We all know that one of the main needs of plants is water, but that doesn’t mean you have to be a slave to the watering can. Try some of the tips below to help you deal with drought-like conditions in your garden, so you can continue to enjoy good harvests no matter how high the temperature rises!
First off, prioritize your watering. When water’s precious (and when isn’t it these days) it pays to be prudent. Concentrate your watering where it’s needed: young seedlings to help them establish, salad leaves to stop them wilting, fruiting vegetables like tomatoes and anything growing in a pot.
Next think about balance and speed. Using a watering can? Try two – one for each hand. It will help you balance, and you’ll be able to water twice as quickly. If your water source is some distance from your beds, it also means less walking back and forth. None of us like being out in the heat either! Another option is to use a portable tank to cart water to where it’ll be dispensed. Ideally you initially made sure to set up your garden within a single hose distance to the spigot!
Thirdly, be kind, do not blast your plants with a powerful stream of water. A strong spray from a hose can knock plants about damaging leaves, stems, or roots. Not to mention that you could blast potting soil right out of containers. Get around this problem by simply placing the end of the hose in a watering can so that it fills as you pour. This means you can water carefully and precisely, enjoying the convenience of a hose – without wasting a drop of water!
Always water smart. By that I mean water from the bottom. Watering pots from the bottom, rather than the top, can save a lot of time – and water – in hot weather. Fill up a suitable-sized reservoir, adding any liquid feed you’d like to apply at the recommended rate. Now sink your pots into the water and simply walk away, leaving them to soak up the liquid for an hour or more. You can speed things along by adding a splash of water to the top of the pot before it’s left to soak. This technique ensures a truly thorough watering that makes very efficient use of your water. Oh, any water remaining in the reservoir can be used to hand water in ground or house plants - again, not wasting a drop.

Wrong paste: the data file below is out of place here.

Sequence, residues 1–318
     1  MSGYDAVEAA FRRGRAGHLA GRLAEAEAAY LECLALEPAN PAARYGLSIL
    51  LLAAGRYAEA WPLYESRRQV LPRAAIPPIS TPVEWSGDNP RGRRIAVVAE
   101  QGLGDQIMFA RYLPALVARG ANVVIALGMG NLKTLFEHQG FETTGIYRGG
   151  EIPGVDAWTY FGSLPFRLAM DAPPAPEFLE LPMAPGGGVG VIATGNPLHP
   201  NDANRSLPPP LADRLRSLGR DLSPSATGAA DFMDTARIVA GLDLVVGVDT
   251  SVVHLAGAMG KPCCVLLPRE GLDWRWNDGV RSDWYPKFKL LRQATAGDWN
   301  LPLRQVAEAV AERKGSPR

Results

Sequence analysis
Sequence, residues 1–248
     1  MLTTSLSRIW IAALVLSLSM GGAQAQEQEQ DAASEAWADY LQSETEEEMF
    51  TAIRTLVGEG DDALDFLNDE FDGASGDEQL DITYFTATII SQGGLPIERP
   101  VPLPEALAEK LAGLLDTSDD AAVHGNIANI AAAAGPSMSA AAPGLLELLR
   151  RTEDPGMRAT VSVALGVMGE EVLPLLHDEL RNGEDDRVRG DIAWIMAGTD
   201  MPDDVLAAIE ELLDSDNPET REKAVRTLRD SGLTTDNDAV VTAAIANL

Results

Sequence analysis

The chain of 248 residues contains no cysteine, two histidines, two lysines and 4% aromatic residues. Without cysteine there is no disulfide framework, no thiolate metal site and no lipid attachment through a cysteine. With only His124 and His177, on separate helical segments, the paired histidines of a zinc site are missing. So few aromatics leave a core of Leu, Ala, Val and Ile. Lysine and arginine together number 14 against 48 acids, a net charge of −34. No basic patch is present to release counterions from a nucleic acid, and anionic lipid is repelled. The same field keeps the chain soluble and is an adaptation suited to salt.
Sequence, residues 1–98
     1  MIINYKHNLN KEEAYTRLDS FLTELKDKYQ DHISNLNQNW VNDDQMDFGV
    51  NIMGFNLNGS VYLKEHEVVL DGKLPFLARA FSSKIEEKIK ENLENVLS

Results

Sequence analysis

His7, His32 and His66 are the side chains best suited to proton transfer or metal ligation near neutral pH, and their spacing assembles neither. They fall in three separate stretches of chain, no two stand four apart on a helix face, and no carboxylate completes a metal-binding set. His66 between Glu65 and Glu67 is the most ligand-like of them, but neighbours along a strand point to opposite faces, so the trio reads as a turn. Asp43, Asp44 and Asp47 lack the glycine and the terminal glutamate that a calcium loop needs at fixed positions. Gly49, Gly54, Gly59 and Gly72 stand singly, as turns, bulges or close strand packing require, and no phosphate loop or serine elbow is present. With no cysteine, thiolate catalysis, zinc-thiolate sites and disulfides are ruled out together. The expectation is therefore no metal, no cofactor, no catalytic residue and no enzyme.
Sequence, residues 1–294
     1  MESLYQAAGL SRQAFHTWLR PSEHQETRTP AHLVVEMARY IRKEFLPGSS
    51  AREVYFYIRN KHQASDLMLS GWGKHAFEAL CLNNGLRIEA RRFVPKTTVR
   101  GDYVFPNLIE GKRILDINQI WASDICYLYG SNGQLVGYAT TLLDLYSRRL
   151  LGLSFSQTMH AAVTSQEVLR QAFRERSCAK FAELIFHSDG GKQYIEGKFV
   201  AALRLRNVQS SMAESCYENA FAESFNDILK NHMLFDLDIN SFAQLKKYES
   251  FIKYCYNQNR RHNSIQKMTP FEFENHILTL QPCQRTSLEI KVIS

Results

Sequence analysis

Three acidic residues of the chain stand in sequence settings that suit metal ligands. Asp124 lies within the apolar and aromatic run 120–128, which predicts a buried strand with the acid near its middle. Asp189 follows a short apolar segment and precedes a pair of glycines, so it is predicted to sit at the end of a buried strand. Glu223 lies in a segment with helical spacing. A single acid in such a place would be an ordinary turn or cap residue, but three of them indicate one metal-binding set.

Finally, as we prepare for our fall gardens, we need to consider protecting our newly sown seeds and seedlings from both drought and overheating. Heat, drought, and inconsistent watering practices can play havoc with seedlings, hampering germination and causing young plants to struggle. That is not what we want. In hot, dry conditions getting seeds to germinate can be tricky, particularly those of cool season crops such as lettuce, broccoli, carrots, snow peas, and spinach. The solution is to remember that once a seed begins to germinate it must remain moist or it will die. So, you must find them the cool, moist surroundings they crave. This is easier if you use movable trays in which to start your seeds. You can move them into the morning sun early in the day, and then later into a shaded area as the sun reaches its fury. But when direct sowing into the garden bed we can’t do move them so we must employ a different tactic.
In the planting bed, score an inch deep (or so) line in the soil where you plan to plant your seeds. Water along that marked-out area prior to sowing. Allow the water to entirely soak into soil, then fill it again and allow it to soak in once again. Now it is ready to sow your seeds. Once you’re done sowing, cover the seeds back over and gently moisten the topsoil but don’t water thoroughly again until after germination. Having said that, be sure to water if the soil begins to dry out too much before the seeds germinate. This can be a bit tricky but if you need to water, just water gently so as not to disturb the soil and seeds too much.
Young seedlings, and cool season crops in general, perform better under the protection of some shading in hot summer conditions. Prioritize shady areas for crops that prefer cooler conditions, such as salad leaves. You can use taller crops to shade shorter ones, but in scorching weather drastic action such as shade cloth, may be needed. Shade cloth is designed to cast just enough shade to keep your plants happy in severe heat – and it’s easily removed when the weather turns cooler.
Of course, mulches are a must during any central Texas summer, drought or not. That is why I always recommend applying a mulch of organic material such as compost, leaf mold, or even dried grass clippings. This extra layer serves a few purposes: it shades the soil from the sun, helping to keep it cooler, and it acts as a lid on the soil, dramatically reducing water evaporation.
When you apply mulch, thoroughly soak the ground before adding your mulching material. If it’s exceptionally dry, water again a few hours later to recharge all that valuable soil moisture. Only then should you lay the mulch so it’s at least an inch or two thick around your plants. Fruit trees, canes and bushes can be mulched with chunkier materials such as bark chippings, or fibrous materials like straw. Again, take care to water well before laying it. Mulches may not be very high-tech, but they are incredibly effective in a hot Texas summer.